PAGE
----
RelSci has compiled over two million influential names and their connections, charity work, work and board associates, and education to find pathways between dealmakers, power brokers, and business executives. The company has been called the “ultimate business development tool.
RelSci is relatively new, having rolled out product early this year. How does the company do this? Apparently with a herd of people in New York and India going through all sorts of publically available sources and inputting the data into their database. Designed for companies selling high value items to other businesses, a single sale might pay for the service. No service costs were discussed, but I certainly could have used such a tool in my former account executive jobs at IBM. I would be intrigued as to how the data is filtered for accuracy, since there might be substantial changes over time. It seems an ideal service business. www.relsci.com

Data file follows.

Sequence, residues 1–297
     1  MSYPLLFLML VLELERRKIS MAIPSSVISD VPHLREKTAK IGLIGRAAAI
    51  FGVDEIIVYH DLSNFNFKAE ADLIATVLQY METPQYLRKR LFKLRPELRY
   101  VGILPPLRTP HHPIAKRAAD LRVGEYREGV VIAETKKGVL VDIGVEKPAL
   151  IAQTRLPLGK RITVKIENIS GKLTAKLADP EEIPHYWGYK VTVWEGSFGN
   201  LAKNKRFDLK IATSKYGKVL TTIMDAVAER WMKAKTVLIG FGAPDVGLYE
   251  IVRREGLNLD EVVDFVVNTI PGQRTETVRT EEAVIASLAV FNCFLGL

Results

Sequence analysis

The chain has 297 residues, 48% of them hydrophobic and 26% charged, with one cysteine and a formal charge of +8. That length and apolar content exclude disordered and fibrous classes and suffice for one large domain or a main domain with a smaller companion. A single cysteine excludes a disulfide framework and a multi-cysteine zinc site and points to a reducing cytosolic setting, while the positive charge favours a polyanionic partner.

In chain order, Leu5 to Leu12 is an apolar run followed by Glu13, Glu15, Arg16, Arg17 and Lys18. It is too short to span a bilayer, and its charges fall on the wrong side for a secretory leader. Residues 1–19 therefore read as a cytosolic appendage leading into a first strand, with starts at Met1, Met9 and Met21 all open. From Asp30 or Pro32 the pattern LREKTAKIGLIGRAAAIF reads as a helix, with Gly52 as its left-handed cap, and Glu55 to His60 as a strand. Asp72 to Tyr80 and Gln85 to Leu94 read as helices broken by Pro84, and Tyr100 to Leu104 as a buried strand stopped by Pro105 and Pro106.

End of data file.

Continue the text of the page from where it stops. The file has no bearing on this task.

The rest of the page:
Dan Harden, Industrial Designer, President/CEO Whipsaw Inc.
(Designing for users)
Whipsaw Inc., a highly acclaimed design firm in the Silicon Valley. Whipsaw designs products and experiences for major companies around the world including Google, Cisco, GE, Intel, Merck, Nike, Olympus, Samsung and many others. Dan directs the strategic and conceptual direction of most accounts and his focus is in technology design where he strives to make complex products simpler, friendlier, more meaningful, and more beautiful. He recently designed many hit tech products including the Google Chromecast, Dropcam security cameras, Livescribe computer pens, Eton emergency radios, Cisco Telepresence systems, Intel healthcare tablets, and Pano Logic, the first “zero client” computer.